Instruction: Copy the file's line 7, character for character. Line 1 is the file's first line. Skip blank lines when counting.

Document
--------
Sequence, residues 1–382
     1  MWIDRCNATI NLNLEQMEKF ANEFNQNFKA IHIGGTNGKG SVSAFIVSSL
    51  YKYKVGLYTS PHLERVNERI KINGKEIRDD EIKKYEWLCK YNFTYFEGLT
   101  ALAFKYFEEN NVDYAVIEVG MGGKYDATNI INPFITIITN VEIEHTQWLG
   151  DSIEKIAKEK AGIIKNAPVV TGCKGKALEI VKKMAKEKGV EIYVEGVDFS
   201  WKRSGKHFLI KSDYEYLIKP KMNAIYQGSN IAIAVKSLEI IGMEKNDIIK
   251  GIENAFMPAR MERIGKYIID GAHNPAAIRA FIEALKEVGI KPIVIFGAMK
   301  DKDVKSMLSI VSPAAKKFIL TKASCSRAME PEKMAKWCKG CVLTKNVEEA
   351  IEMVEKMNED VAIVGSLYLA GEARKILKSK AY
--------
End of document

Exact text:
   251  GIENAFMPAR MERIGKYIID GAHNPAAIRA FIEALKEVGI KPIVIFGAMK